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Moreish: Dale Grimshaw’s powerful and visceral Art

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There wasn’t anyone artistic in Dale Grimshaw’s family, it was just something to do, and learn along the way. That he had a natural talent was obvious, but he developed it through a difficult and potentially violent childhood – the experience of which informs many of his paintings.

Indeed, it was this kind of emotional power in one of his paintings (a self-portrait) that brought me to his brilliant, visceral and original work. His portrait may have seemed imperious, but his eyes revealed a vulnerability, a tremendous humanity and soul.

Originally a street artist, Dale Grimshaw is now one of Britain’s most exciting and talented young artists, and last year, his one-man show Moreish was a hit with both public and critics. I contacted Dale to ask him more about his life, his work and how he started out.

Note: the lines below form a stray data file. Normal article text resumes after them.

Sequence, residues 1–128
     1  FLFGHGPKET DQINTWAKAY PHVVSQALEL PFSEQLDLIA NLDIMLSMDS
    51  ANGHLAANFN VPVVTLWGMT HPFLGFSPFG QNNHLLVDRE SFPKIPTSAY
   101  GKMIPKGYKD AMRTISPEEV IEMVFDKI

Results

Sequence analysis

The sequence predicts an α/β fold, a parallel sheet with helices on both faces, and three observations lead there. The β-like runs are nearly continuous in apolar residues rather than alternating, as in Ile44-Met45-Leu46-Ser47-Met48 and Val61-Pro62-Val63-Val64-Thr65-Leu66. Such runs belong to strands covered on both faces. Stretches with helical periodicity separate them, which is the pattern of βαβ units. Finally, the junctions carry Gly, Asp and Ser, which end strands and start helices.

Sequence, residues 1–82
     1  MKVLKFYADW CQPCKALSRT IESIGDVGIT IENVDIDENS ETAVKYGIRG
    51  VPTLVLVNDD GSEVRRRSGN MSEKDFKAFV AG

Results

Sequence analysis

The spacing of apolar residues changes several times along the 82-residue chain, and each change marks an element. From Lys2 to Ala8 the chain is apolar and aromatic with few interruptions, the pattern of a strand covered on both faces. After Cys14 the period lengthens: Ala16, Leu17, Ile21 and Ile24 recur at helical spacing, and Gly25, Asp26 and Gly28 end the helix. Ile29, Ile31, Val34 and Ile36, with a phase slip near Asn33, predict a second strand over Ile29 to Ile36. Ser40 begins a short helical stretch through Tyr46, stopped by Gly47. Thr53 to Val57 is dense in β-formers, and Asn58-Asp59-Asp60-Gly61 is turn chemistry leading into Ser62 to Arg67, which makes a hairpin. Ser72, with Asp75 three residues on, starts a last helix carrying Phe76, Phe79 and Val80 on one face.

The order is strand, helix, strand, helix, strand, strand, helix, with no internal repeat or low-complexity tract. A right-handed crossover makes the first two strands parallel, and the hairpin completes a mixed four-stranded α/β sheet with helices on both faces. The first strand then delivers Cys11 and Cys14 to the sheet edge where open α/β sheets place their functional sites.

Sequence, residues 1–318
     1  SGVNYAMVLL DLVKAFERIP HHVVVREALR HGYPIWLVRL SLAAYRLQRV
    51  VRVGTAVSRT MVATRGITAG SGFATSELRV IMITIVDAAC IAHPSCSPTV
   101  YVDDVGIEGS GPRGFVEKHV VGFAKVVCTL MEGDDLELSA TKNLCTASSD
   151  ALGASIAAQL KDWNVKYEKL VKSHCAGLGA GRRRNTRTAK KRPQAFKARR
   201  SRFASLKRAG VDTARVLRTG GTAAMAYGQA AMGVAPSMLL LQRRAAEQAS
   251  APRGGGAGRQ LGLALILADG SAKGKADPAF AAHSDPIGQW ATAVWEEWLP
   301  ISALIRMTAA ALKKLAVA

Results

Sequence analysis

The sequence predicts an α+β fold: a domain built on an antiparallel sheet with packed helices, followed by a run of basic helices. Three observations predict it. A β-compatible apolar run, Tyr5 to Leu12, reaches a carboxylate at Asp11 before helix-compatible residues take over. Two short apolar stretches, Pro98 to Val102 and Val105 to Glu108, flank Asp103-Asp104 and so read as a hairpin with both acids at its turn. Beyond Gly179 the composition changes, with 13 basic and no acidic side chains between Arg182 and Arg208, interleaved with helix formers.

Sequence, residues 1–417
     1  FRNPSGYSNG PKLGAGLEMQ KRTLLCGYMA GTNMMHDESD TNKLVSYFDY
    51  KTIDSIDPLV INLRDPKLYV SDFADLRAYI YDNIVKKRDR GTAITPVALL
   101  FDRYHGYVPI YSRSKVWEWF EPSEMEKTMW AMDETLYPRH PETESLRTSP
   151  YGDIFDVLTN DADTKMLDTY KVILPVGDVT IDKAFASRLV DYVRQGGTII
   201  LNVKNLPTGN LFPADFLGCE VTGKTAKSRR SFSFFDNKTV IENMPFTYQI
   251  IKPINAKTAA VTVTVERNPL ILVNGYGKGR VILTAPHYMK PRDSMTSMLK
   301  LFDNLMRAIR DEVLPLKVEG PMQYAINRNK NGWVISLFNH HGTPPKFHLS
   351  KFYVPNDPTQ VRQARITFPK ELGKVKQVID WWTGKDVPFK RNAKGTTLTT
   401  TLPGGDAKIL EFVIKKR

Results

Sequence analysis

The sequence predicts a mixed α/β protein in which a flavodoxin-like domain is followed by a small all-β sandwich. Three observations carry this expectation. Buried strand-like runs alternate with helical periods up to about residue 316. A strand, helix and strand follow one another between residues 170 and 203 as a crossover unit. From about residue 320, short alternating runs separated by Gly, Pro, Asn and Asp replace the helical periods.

Paul Gallagher: What was the first turning point in your career as an artist?

Dale Grimshaw: Probably getting in at Middlesex University, formerly Hornsey College of Art. It meant I had to really consider the moves I was making in life. I had no support from anywhere else; just my rented flat, my belongings and myself. It meant I’d have to sell it all and move from Lancashire. It was a springboard to other things and places.

Paul Gallagher: Tell me about your childhood and first artistic ambitions?

Dale Grimshaw: There wasn’t anyone artistic, in the literal sense, in my family. I just naturally continued drawing and painting long after other kids had normally given up all that creative nonsense outside of school.

At secondary school, there wasn’t anyone that took any notice of my abilities. Little did my art teacher know that I was practicing to paint with oil paints I’d nicked from shops at home. Ironically, she was called Mrs. Oil but she would rather hit you than take any real interest. My mom saw I had talent and did her best to encourage me.

I first saw ‘The Stranglers’ written in huge letters on a bus stop wall in the late 70s. I was hooked and fascinated by the idea and mystery of graffiti. I wrote on walls, playgrounds, bus seats, textbook covers, and my own body even. Sadly at the age of 15 I tattooed my own arm with my ‘tag,’ which is still there today, as bold as ever. I hated it for decades… bad karma, anyone?’
 
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See more of Dale Grimshaw’s work here.

All artworks copyright to Dale Grimshaw
 


 
Full interview with Dale Grimshaw, after the jump…
 

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